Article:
Between 1920 and 1929, Mexico made a remarkable transition from a decade of civil war during the Mexican Revolution of 1910-1920, to the consolidation of a famously durable and unique political system, dominated by a single, official political party. Although the armed phase of the Revolution had ended, the decade of the 1920s was fraught with political and social tensions, and was marked by a series of violent rebellions driven by political differences, military mutiny, and cultural strife. Although this was a critical decade in Mexican political, social, and economic history, for various reasons the 1920s have rarely been studied as a distinct historical period. Rather, these immediate postrevolutionary years are most commonly described as either an epilogue to the Mexican Revolution, or as a preamble to the progressive populism and corporatism that emerged in the 1930s. This has been to the significant detriment of our understandings of the changes that Mexico experienced during this crucial period of transition. New historical perspectives on this under-studied period therefore constitute valuable additions to the historiography of modern Mexico.
The Mexican Revolution was a lengthy struggle between many factions, all of which were quite varied in their demands and principles, as well as in their plans for Mexico once the Revolution ended. What was clear in 1920 was that a new political order must be forged, and that it must, to some degree, incorporate the will and the demands of the popular forces that had been mobilized by the Revolution. The new federal constitution of 1917 mandated both land and labor reform, and placed restrictions on the role of the Catholic Church in Mexico. However, there was no consensus as to how or to what extent these reforms would be implemented.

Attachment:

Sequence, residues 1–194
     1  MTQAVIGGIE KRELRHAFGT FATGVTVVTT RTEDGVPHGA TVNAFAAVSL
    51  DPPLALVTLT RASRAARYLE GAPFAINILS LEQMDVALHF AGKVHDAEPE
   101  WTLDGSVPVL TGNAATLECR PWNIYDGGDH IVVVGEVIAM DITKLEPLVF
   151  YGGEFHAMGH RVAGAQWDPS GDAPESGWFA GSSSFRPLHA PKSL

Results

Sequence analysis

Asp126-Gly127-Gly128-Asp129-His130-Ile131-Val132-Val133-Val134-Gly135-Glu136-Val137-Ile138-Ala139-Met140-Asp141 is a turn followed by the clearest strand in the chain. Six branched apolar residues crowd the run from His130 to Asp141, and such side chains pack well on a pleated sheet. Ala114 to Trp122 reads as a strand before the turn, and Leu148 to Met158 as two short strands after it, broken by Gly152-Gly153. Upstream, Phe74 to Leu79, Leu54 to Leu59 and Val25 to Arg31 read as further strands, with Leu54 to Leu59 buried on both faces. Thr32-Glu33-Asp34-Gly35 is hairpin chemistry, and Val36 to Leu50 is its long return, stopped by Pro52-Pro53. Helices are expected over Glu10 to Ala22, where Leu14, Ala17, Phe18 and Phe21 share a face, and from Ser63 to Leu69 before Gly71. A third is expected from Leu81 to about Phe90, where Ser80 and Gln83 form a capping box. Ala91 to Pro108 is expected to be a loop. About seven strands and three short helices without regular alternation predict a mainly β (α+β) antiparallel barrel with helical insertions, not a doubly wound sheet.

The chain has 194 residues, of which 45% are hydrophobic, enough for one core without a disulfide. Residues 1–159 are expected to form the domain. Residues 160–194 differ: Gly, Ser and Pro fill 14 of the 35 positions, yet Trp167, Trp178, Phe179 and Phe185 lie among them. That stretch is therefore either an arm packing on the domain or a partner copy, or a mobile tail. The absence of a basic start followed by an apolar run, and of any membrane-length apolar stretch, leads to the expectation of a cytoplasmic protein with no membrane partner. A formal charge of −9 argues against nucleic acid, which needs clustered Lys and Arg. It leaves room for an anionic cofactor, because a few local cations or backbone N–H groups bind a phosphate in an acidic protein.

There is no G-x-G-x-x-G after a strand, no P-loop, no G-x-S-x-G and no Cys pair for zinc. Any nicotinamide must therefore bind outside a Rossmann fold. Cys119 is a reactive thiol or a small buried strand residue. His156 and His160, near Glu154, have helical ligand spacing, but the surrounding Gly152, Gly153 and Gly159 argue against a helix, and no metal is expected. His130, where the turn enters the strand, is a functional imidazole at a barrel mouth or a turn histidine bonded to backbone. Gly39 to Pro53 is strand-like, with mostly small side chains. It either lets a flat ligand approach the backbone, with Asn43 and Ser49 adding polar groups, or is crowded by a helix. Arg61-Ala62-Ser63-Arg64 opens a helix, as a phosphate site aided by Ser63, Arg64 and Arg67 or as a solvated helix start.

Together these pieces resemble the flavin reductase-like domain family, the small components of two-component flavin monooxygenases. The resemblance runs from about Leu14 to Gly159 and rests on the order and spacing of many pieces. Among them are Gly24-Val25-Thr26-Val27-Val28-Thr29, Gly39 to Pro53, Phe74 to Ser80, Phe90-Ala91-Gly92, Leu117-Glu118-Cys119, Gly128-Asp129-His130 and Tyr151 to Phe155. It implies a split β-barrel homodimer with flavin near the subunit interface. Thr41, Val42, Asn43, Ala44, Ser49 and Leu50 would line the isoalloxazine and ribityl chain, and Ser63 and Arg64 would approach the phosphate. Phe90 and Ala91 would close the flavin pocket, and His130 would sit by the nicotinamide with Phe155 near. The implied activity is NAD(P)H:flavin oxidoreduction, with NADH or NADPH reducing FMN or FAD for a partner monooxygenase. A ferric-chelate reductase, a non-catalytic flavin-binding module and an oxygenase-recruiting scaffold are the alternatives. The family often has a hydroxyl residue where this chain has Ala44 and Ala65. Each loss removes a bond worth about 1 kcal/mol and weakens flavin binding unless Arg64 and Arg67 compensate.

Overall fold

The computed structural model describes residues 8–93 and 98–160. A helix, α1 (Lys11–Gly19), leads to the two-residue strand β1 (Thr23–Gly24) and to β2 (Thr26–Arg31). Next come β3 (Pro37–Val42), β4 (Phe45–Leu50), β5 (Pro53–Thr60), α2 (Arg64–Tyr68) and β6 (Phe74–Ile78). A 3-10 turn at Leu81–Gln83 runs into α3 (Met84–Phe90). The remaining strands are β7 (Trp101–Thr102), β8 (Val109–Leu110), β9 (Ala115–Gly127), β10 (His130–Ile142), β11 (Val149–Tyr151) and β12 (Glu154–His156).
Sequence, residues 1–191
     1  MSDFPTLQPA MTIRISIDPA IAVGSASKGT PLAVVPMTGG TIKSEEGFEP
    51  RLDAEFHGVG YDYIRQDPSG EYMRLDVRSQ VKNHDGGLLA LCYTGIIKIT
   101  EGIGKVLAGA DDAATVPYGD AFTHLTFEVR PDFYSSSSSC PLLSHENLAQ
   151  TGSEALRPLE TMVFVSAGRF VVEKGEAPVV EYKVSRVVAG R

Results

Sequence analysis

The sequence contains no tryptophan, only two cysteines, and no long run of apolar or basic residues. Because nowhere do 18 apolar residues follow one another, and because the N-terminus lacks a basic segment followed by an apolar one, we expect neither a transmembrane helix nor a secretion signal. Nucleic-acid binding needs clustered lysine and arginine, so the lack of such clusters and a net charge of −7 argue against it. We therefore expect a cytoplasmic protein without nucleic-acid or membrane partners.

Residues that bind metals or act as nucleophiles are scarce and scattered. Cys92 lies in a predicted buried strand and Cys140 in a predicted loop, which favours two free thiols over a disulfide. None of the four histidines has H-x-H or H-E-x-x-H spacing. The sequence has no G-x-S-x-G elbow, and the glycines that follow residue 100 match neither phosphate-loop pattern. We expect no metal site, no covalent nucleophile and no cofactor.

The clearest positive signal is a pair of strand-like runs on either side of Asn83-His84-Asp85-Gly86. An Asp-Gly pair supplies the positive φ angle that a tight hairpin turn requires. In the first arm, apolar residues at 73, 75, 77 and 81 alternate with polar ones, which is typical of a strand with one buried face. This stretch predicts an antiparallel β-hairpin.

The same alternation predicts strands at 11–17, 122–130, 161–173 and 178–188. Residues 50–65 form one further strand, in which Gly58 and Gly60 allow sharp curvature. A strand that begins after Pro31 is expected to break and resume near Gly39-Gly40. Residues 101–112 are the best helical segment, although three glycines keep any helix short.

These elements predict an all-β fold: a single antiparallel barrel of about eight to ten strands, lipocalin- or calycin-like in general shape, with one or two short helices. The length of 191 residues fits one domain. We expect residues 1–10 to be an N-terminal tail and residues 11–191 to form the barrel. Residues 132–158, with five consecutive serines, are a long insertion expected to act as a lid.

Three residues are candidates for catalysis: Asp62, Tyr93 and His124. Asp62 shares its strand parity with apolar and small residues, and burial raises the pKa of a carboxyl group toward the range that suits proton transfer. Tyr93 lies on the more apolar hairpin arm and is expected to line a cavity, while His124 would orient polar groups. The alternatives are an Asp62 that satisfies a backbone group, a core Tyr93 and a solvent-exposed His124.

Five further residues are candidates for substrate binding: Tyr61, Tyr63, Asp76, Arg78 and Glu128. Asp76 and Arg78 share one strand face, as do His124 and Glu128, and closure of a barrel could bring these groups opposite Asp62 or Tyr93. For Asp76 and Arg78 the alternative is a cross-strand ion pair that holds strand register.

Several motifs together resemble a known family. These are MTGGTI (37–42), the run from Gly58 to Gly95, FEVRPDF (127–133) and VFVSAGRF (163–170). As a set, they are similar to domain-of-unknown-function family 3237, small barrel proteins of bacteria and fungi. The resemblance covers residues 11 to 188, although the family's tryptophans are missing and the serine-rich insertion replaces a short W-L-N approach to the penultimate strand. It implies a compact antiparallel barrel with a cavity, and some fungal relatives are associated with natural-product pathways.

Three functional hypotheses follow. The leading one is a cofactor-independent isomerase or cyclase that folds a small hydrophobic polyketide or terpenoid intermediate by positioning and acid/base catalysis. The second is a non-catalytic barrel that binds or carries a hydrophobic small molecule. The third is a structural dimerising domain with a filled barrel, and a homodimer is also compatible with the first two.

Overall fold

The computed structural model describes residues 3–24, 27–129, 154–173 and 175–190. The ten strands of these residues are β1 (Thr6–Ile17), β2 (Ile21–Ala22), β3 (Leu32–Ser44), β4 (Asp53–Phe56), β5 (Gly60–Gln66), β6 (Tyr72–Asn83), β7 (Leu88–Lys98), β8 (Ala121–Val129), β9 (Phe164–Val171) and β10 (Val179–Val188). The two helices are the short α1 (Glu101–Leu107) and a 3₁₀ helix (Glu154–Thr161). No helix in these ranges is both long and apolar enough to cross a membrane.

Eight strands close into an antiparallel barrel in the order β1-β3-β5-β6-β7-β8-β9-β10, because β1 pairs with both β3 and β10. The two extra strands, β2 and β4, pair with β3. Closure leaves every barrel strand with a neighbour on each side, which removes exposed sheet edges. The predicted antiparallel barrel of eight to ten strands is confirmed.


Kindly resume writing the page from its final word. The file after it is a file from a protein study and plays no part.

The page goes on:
All of the papers included in this proposed panel address – in different ways – both the uncertainty and the tensions that permeated both politics and society in Mexico during the 1920s, focusing on the prolonged and violent conflict between the state and the Catholic Church in the mid-1920s and the resulting demographic and cultural changes; the emergence of worker and peasant movements in the wake of the Revolution; and a fraught and halting process of postrevolutionary party formation and political institutionalization, respectively. They also all address some of the many profound transformations that Mexico underwent in those years, and the way that these provoked new conceptions of Mexican national identity, new links between politicians and their constituents, and new strategies for both reconstructing and governing a nation that had so recently suffered through so many years of upheaval and violence.
A long-overdue reexamination of this critical decade in Mexico has important analytical potential for Mexicanist historiography. The papers included in this proposed panel all offer new interpretations of both the social and political legacies of the Mexican Revolution, and call into question long-held assumptions about the years immediately following the Revolution. By extension, they also offer new perspectives on subsequent periods in modern Mexican history.